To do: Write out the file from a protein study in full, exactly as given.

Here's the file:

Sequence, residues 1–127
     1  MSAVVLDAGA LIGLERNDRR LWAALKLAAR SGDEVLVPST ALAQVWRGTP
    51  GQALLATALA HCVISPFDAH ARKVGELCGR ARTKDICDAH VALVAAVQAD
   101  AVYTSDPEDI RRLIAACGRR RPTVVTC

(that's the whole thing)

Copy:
Sequence, residues 1–127
     1  MSAVVLDAGA LIGLERNDRR LWAALKLAAR SGDEVLVPST ALAQVWRGTP
    51  GQALLATALA HCVISPFDAH ARKVGELCGR ARTKDICDAH VALVAAVQAD
   101  AVYTSDPEDI RRLIAACGRR RPTVVTC